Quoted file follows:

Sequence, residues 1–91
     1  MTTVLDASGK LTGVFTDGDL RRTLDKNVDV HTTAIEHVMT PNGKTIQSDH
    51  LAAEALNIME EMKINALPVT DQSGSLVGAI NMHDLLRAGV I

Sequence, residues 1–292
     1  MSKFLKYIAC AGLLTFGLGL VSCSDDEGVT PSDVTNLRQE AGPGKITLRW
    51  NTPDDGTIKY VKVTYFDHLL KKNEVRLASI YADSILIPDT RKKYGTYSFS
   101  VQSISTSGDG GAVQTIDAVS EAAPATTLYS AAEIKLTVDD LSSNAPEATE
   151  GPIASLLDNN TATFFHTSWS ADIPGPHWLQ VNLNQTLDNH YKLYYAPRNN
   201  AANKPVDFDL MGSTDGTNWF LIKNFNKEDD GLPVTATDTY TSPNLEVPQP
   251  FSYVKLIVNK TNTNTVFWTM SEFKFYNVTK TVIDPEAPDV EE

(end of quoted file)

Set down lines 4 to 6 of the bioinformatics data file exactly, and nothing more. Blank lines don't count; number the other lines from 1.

Sequence, residues 1–292
     1  MSKFLKYIAC AGLLTFGLGL VSCSDDEGVT PSDVTNLRQE AGPGKITLRW
    51  NTPDDGTIKY VKVTYFDHLL KKNEVRLASI YADSILIPDT RKKYGTYSFS